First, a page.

Oil rises on China plan to boost U.S. imports, OPEC+ compliance
By Laura Sanicola NEW YORK (Reuters) - Oil prices rose on Monday, as OPEC+ producers almost fully complied in July with their global production cut accord, and after U.S.
By Laura Sanicola
NEW YORK (Reuters) - Oil prices rose on Monday, as OPEC+ producers almost fully complied in July with their global production cut accord, and after U.S. officials said China is in compliance with the first phase of the two nations' trade deal.
Brent crude rose 21 cents, or 0.5%, to $45.01 a barrel by 12:43 EDT (1643 GMT), and U.S. West Texas Intermediate crude was up 40 cents, or 1%, to $42.41 a barrel.
Compliance with OPEC+ oil output cuts is seen at around 97% in July, two OPEC+ sources told Reuters. The oil-producing nations have been cutting output by record levels to curb supply and reduce worldwide inventories.
China is living up to its end of the trade deal the two parties signed in January, U.S. President Donald Trump said Monday, even though the nation has fallen short so far of promised purchases of U.S. products. Chinese state-owned oil firms have tentatively booked tankers to transport at least 20 million barrels of U.S. crude for August and September.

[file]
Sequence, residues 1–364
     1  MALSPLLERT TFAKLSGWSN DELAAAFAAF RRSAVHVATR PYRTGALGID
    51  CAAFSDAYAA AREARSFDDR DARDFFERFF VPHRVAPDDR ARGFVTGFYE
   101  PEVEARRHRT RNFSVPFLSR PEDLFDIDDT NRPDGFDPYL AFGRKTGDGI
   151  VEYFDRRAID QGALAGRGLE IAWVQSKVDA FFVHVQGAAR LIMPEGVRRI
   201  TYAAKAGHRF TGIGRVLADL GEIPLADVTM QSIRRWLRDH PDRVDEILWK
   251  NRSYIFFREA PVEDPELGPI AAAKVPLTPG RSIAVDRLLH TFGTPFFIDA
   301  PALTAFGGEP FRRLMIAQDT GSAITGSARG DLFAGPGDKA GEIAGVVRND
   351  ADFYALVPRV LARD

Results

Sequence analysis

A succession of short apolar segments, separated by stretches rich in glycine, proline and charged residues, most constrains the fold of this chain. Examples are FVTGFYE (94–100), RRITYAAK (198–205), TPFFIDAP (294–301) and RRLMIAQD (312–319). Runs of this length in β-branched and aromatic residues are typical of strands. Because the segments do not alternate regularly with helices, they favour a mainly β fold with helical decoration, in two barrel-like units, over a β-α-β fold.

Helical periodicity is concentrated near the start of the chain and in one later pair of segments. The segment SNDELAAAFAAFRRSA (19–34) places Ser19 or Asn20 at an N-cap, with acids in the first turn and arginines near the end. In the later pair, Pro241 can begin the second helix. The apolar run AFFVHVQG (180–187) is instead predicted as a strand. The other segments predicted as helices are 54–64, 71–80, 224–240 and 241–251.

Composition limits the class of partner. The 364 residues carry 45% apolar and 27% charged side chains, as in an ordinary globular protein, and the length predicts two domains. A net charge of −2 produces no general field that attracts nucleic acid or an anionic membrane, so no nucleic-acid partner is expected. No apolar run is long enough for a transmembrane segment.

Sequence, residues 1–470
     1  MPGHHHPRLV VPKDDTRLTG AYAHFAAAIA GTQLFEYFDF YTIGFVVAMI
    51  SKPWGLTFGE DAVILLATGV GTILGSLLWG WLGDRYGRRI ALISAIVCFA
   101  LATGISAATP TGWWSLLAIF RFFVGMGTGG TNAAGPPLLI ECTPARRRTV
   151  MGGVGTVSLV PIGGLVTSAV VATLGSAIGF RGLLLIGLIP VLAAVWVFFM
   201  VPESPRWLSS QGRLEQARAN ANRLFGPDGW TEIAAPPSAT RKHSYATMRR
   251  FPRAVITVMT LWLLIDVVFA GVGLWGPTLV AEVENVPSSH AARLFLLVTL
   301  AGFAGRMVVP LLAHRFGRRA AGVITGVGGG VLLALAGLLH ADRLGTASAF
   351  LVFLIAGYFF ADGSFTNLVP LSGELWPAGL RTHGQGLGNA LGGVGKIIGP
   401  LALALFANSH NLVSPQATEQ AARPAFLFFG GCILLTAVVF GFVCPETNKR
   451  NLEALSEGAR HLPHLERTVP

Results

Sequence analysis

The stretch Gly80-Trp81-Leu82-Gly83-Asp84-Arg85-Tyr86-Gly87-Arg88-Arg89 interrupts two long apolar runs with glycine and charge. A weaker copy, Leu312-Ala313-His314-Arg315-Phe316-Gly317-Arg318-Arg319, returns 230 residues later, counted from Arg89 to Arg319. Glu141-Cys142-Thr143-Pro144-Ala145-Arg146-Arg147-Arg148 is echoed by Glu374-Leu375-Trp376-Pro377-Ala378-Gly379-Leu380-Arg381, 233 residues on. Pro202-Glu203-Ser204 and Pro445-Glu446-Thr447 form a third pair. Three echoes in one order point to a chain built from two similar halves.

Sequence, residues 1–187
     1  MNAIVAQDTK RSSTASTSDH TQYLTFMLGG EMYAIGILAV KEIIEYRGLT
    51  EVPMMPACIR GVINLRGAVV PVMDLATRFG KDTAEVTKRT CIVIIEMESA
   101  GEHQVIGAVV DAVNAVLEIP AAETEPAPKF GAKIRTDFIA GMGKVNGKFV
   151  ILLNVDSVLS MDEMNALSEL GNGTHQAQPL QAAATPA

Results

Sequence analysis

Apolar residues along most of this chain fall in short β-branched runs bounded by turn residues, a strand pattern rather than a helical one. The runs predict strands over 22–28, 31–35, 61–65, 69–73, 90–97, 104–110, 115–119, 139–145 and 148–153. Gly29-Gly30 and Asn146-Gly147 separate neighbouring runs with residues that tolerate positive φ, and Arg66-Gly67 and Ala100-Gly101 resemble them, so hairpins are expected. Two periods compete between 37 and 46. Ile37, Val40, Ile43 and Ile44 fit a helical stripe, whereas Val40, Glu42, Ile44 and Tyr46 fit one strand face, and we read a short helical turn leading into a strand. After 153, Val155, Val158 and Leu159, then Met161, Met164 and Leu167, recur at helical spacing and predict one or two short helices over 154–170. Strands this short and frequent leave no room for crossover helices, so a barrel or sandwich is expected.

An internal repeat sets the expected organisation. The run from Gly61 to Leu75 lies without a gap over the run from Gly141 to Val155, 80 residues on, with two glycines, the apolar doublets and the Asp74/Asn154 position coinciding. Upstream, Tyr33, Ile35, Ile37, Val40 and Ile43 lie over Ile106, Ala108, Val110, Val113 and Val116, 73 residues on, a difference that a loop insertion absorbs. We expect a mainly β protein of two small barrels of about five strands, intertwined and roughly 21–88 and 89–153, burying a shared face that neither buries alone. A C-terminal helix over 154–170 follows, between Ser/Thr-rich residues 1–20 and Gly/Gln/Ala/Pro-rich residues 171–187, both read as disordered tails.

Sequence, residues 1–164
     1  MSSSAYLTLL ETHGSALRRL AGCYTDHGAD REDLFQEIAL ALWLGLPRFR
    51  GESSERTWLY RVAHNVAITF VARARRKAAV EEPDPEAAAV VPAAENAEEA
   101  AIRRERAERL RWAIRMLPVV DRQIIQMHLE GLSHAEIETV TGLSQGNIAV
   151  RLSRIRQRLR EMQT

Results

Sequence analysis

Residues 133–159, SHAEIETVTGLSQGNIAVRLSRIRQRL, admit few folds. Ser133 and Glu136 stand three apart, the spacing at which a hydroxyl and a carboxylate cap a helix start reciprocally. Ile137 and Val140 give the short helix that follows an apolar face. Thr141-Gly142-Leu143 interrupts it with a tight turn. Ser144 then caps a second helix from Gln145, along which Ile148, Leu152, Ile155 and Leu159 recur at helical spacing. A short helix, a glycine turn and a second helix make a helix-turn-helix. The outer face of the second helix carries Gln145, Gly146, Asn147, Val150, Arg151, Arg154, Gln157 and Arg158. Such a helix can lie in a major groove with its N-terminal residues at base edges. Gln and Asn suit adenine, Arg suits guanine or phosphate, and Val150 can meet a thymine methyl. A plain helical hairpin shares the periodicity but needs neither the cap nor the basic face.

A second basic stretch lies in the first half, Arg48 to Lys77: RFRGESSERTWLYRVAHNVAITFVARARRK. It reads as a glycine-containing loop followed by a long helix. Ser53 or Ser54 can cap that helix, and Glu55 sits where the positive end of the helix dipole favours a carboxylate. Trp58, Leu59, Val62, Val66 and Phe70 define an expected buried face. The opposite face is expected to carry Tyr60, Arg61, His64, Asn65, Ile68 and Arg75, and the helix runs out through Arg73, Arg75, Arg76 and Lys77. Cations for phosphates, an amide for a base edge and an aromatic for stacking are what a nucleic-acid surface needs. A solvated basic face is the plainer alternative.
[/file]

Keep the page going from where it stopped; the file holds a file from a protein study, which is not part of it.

Investors are waiting on a ministerial OPEC+ committee, known as the JMMC, on Wednesday that will review the oil market and compliance with the global oil supply reduction pact, although no change in the agreement is expected.
In August, the Organization of the Petroleum Exporting Countries and allies known as OPEC+ eased its agreed cuts to 7.7 million barrels per day (bpd) from 9.7 million bpd previously. Later-dated Brent futures contracts suggest that traders see inventories remaining high in coming months due to weakened demand.
Last week the Energy Information Administration adjusted global oil demand downward, suggesting a smaller than previously expected reduction in global inventories.
"Floating inventory could even begin to increase again as WTI and Brent spread carrying charges expand," said Jim Ritterbusch, president of Ritterbusch and Associates in Galena, Illinois.
(Reporting by Laura Sanicola in New York, additional reporting by Bozorgmehr Sharafedin, Florence Tan in Singapore; editing by David Evans and Chizu Nomiyama)
This story has not been edited by Firstpost staff and is generated by auto-feed.
Pulitzer Prize-winning photojournalist Danish Siddiqui killed in Afghanistan: Politicans, journalists pay tributes
The Pulitzer prize winner, who was in Kandahar covering operations against Taliban, was killed when he was riding along with the Afghan Special Forces
Siddiqui had also covered the 2020 Delhi riots, COVID-19 pandemic, Nepal earthquake in 2015 and the protests in Hong Kong
Danish's photographs were not just documentation, but the work of someone who went down to eye-level, as they say in photographic parlance.